ALEA reports fewer fatalities during holidays
Published 6:33 pm Wednesday, January 4, 2023
Alabama Law Enforcement Agency Troopers investigated 14 traffic deaths during the nine-day holiday period between Christmas Eve and New Year’s Day.
Lowndes County escaped involvement in those fatalities, which occurred in Baldwin, Chambers, Chilton, Dallas, DeKalb, Elmore, Jefferson, Limestone, Marshall, Monroe, and Tuscaloosa counties.
Among those killed, three were passengers and 11 were drivers. All traveled in vehicles equipped with seat belts, but only four were using them. In one case, officers could not determine whether the individual used their seatbelt, but the nine others who died over the holidays had not used their seatbelts.
Email newsletter signup
ALEA’s Department of Public Safety Director, Colonel Jimmy Helms said Troopers actively patrolled and worked numerous high-visibility details to reduce crashes and save lives during the holidays.
“They were tasked with notifying the loved ones of the 14 individuals following the fatal crashes over the holiday season,” Helms said. “This is one of the most difficult parts of our job and we at ALEA offer our heartfelt condolences to the families and loved ones.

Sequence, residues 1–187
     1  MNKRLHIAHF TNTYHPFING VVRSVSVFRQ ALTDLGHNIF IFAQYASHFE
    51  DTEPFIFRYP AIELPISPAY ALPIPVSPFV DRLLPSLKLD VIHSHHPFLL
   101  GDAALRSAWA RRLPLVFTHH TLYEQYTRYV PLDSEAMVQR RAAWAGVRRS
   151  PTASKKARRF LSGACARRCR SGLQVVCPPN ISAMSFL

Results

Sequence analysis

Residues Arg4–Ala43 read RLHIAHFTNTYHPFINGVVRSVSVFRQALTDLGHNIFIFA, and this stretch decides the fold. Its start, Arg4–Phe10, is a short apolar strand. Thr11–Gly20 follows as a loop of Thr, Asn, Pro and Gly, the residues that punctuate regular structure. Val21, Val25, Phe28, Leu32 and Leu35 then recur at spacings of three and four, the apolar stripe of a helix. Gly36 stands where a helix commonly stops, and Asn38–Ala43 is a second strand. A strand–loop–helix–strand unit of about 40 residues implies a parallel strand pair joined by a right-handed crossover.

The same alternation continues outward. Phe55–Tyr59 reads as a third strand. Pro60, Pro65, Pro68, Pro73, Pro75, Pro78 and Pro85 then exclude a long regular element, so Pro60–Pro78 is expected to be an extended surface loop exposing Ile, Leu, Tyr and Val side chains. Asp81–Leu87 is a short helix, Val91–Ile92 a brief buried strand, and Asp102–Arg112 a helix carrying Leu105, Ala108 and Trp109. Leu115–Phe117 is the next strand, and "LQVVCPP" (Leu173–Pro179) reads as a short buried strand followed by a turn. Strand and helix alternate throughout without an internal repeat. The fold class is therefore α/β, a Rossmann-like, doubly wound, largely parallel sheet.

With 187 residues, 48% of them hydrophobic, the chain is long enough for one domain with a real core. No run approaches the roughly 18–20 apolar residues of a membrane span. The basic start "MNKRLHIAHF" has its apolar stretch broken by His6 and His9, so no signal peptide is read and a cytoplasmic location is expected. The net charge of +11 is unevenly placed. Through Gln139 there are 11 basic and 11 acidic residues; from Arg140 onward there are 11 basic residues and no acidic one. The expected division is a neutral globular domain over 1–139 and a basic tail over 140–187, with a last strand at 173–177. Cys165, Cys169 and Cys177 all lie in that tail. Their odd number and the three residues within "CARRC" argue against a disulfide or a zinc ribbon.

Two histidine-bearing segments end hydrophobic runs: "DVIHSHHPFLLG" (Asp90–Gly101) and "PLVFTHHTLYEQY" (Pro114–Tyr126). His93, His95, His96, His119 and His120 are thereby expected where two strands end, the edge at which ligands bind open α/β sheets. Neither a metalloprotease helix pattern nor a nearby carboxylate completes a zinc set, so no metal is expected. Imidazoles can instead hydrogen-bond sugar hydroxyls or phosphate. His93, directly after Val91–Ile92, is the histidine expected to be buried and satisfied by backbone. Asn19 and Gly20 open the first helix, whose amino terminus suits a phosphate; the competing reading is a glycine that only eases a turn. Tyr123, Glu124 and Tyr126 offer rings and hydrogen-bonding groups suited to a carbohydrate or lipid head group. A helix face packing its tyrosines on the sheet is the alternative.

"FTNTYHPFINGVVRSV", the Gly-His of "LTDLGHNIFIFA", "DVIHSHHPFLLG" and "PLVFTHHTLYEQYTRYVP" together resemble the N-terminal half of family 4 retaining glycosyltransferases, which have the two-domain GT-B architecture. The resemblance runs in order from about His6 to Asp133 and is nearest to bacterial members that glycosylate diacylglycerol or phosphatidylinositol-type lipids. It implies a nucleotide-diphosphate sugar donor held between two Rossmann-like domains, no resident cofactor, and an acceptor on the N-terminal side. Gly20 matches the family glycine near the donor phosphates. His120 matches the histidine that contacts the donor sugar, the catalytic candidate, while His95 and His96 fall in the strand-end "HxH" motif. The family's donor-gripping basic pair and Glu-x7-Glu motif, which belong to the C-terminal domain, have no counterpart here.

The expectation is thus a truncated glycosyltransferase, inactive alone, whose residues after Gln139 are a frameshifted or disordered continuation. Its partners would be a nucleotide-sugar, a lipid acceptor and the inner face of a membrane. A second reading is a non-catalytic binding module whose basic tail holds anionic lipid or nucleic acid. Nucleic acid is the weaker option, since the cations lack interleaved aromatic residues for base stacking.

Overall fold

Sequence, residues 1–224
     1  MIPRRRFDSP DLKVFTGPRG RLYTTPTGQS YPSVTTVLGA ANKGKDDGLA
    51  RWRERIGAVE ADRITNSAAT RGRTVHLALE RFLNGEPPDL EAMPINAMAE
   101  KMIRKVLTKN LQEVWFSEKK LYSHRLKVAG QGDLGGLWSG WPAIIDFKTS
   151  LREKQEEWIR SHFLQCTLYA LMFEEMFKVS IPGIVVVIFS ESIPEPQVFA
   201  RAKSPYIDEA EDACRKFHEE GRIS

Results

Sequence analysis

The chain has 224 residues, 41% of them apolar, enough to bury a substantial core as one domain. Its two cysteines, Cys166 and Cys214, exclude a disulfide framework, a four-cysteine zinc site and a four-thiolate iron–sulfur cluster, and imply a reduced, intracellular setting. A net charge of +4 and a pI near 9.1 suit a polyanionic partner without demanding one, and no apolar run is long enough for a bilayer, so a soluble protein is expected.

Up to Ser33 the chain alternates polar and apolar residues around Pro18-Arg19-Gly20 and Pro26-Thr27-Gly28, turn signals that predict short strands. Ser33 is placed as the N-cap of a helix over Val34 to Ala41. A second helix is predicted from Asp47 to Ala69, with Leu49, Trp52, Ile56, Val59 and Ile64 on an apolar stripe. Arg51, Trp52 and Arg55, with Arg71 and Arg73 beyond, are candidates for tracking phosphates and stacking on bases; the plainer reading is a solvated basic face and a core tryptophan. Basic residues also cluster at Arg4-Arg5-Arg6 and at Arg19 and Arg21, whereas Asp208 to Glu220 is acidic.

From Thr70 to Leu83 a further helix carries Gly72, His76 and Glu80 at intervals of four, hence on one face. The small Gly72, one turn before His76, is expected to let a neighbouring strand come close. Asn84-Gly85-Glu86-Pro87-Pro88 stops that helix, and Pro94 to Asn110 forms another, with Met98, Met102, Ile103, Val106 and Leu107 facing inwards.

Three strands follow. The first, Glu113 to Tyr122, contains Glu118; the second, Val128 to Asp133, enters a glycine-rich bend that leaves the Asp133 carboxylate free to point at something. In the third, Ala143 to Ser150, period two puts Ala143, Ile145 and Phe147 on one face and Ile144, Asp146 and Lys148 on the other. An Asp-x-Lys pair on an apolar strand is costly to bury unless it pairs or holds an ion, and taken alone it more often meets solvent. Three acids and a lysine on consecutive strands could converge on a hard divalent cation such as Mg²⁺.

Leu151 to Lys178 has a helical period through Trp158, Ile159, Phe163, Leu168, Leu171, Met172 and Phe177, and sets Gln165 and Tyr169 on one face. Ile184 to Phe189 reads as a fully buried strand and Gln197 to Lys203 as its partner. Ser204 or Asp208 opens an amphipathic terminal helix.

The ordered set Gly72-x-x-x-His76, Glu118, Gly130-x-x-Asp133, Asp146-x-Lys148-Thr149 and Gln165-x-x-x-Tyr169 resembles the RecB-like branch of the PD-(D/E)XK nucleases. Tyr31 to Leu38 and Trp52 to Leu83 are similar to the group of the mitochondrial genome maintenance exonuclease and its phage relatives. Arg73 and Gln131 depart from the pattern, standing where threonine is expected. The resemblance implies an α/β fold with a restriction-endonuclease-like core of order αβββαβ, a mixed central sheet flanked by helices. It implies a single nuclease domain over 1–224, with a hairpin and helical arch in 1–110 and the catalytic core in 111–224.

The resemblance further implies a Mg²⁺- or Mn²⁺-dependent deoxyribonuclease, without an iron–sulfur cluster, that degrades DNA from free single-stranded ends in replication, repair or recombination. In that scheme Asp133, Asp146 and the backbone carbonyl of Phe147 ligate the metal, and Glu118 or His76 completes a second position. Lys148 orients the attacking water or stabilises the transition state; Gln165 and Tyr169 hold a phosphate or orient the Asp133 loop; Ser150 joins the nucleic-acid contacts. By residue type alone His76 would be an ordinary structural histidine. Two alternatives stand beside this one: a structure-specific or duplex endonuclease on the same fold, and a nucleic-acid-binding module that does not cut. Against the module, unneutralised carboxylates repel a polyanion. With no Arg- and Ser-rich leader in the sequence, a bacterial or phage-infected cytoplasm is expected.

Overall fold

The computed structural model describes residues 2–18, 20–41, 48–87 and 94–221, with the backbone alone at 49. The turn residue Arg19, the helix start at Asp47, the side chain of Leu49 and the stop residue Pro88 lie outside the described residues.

ALEA also promoted its “12 Days of Safety” initiative, reiterating traffic safety and encouraging safe driving behaviors through a variety of enforcement activities during the holidays, such as driver license and equipment check points, to curb deadly behaviors like driving under the influence, driving while distracted, not buckling up, speeding, and following too closely.
In 2022, Troopers in ALEA’s Highway Patrol Division investigated crashes resulting in 19 fewer lives lost on Alabama’s highways than in 2021. A total of 31,990 traffic crashes resulted in 10,914 injuries and 586 fatalities reported in 2022.
Those crash numbers declined by 2,185 from 2021, with injuries also down 646 from last year.
“We would like to thank the motoring public for their diligence and continuous efforts in assisting law enforcement, which enabled ALEA Troopers to reduce the number of traffic crashes, injuries, and fatalities, ultimately making Alabama roadways safer,” said ALEA Secretary Hal Taylor. “However, this extended holiday travel period still reminds us that we need to remain constant in our resolve to create an environment of safety on our state’s roadways.”
Over the course of 2023, ALEA representatives expect to focus on both education and enforcement related to the use of seat belts, citing buckling up as the single most effective action an individual can take to protect themselves in a crash.
“We wish everyone a happy New Year,” Taylor said. “With your assistance, we will make it a safe year — aiming toward even lower totals at the end of 2023.”